By Achadu Gabriel, Kaduna
A scientist and Director African Climate Reporters Mr. Nurudden Bello has called on the general public to halt culture of dumping trash and plastic waste into the Ocean and River, in order to save the Marine species from harmful chemicals and substances.
He also pointed out that Plastic pollution is a threat food safety and quality, human health, coastal tourism, and contributes to climate change.
“Millions of aquatic mammals faces extinctions across the globe due to human irrational activities of dumping all sort of trash and garbage into the river and oceans capable of killing many marine animals”, saying “millions are dying silently”.
Nurudeen also noted that in a research conducted by scientists across the world, over 300 million tons of plastic are produced every year for use in a wide variety of applications.
He added that by 2050, Nigeria will have more plastics in the oceans than fish if care is not taking due to increase plastic and garbage pollution from communities that flows down to the Ocean and River.
“Plastics in the ocean kill or harm more than 300,000 marine animals every year, hence the need to raise more awareness on ways to recycle plastic bags and other garbage from entering the Ocean “
“At least 14 million tons of plastic end up in the ocean every year, and plastic makes up 80% of all marine debris found from surface waters to deep-sea sediments.
“plastic waste that finds its way into the ocean will remain there for hundreds of years because plastic does not rot.
“Plastic and waste pollution threatens ocean health, the health of marine species, food safety and quality, human health, coastal tourism, and contributes to climate change”, he said.
According to him “Oceans are choking on plastic junks millions of tonnes of water bottles, soda bottles, drinking straws and single use plastic bags. Worse still, what we see floating on the surface accounts for only 5% of all the plastic litter that has been dumped into the sea.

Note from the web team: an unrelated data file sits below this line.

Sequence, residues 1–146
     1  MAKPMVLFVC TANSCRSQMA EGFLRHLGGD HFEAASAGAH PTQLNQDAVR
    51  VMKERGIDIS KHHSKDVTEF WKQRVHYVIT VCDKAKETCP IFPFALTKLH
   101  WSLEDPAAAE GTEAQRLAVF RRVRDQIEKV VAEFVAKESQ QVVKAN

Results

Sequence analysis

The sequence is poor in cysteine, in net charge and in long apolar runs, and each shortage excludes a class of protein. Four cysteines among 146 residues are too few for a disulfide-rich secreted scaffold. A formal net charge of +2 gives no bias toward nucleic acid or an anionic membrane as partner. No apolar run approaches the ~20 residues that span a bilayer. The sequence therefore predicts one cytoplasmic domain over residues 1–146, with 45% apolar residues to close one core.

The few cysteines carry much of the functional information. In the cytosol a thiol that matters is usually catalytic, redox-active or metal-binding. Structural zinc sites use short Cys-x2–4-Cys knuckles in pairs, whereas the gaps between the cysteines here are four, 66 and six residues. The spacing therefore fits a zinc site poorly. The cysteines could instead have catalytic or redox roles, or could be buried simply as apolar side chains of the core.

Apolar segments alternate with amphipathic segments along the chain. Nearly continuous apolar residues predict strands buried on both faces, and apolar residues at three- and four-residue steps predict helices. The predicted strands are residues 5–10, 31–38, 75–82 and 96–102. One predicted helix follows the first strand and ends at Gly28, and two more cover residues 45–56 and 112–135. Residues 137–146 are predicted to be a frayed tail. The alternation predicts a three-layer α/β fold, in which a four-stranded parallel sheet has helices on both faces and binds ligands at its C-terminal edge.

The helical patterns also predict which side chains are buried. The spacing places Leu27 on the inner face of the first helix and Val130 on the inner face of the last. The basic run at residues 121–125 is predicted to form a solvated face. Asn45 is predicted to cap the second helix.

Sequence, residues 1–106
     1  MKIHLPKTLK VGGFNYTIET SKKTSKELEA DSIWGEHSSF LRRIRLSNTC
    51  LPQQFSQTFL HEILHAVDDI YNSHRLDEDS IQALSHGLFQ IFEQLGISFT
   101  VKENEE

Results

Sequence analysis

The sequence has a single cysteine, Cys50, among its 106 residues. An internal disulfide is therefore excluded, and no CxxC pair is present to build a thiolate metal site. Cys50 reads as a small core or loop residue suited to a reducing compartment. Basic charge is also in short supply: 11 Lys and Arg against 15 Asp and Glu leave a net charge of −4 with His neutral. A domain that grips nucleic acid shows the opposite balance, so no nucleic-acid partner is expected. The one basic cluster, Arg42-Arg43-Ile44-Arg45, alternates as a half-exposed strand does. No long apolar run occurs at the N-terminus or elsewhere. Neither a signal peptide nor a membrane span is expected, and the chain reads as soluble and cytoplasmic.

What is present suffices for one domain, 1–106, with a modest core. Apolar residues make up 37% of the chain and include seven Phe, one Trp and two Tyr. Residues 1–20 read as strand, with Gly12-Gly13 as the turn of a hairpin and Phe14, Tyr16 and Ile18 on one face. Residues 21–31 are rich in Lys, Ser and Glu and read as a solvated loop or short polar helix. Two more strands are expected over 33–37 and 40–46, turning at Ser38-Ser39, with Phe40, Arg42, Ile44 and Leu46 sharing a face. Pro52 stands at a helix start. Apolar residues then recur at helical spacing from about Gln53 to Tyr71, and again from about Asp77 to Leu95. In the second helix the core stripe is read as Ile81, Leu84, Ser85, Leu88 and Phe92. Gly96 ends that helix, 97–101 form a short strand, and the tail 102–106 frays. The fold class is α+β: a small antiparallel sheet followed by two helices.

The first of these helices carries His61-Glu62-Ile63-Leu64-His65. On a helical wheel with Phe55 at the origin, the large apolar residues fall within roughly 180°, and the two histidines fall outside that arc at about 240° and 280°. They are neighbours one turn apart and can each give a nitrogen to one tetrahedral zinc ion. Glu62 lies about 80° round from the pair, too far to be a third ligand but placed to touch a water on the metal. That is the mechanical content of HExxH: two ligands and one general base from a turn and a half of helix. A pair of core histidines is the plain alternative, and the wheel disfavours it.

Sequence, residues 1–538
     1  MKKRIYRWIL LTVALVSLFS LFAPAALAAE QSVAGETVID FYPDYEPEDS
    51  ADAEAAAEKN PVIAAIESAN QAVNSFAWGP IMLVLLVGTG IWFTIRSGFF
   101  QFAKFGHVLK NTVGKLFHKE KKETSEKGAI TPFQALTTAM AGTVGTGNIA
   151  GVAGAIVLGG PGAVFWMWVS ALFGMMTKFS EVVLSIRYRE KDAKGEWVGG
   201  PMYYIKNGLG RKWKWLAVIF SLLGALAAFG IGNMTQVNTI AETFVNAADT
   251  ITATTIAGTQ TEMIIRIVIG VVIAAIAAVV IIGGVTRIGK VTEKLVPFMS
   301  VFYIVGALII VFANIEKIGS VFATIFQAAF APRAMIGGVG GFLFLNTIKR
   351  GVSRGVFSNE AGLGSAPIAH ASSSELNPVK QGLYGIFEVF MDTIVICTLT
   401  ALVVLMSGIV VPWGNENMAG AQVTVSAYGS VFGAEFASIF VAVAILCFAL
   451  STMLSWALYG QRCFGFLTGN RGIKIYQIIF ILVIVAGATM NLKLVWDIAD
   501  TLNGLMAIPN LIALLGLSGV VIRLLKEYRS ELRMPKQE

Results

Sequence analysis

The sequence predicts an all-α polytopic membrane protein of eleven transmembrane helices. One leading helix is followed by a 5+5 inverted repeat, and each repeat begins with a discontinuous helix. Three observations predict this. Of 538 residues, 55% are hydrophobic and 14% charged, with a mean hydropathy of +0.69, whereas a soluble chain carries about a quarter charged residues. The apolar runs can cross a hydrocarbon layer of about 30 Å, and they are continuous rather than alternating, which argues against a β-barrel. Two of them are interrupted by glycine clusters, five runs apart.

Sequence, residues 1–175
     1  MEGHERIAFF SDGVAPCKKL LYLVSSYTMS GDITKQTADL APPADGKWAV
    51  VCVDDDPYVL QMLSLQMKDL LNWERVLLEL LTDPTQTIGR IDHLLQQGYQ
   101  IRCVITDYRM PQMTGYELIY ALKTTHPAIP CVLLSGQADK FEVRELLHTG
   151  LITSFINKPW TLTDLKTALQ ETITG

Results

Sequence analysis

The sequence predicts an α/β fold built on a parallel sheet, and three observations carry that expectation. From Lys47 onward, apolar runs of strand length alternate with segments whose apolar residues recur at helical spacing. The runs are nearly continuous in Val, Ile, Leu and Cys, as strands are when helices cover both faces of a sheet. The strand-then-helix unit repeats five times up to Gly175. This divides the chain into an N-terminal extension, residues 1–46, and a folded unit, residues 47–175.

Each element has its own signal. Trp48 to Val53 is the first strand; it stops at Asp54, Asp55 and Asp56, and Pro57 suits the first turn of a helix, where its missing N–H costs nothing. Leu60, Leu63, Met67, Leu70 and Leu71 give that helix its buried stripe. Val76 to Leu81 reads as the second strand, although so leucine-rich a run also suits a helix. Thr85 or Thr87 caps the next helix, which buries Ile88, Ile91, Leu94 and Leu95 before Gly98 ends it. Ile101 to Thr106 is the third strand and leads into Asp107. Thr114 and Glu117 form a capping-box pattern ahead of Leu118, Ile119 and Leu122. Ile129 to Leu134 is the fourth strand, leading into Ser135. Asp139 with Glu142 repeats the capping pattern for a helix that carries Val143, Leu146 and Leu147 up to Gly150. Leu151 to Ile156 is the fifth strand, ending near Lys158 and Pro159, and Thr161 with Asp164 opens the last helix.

“To save all the endangered aquatic species against extinct, there is need to engage environment journalists, scientists, religion leaders, community heads top celebrities, government at all level to join the campaigns “
However, the scientist said,Some creatures get entangled in the plastic debris, while others like seabirds, turtles, fish, oysters and mussels ingest the plastics, which end up clogging their digestive systems and causing death. “Fish and birds mistake smaller plastic particles for food and feed on them in enormous quantities.
The scientists pointed that volunteers and climatologists from Africa climate reporters annually train over 50 journalists from different media organizations on climate journalism and environmental reportage.
“Africa has not been spared the plastic menace. Even though most of the plastic trash in Africa comes from outside the continent, African cities and coastal towns are grappling with their own mountains of garbage, mostly plastic that ends up in the ocean”, he added..
While stressing that there is the need to support more recycling companies across the planet toward saving the aquatic animals against plastic pollution in the ocean and River, stakeholders on environment protection and other concerns citizens need to raise more awareness to the general public on harmful effects of dumping all sort of trash and garbage into the river
Monthly environmental sanitation by the general public can also help reduce the amount of plastics waste from communities to River
“The main sources of plastic debris found in the ocean are land-based, coming from urban and storm water runoff, sewer overflows, littering, inadequate waste disposal and management, industrial activities, tyre abrasion, construction and illegal dumping. Ocean-based plastic pollution originates primarily from the fishing industry, nautical activities and aquaculture.
“Scarcity of environmental and science reporters in most media houses across the world is also another contributing factors”, and therefore called on both private and public media houses to train journalists on climate journalism and science reportage
He added that, “There is an urgent need to explore new and existing legally binding agreements to address marine plastic pollution.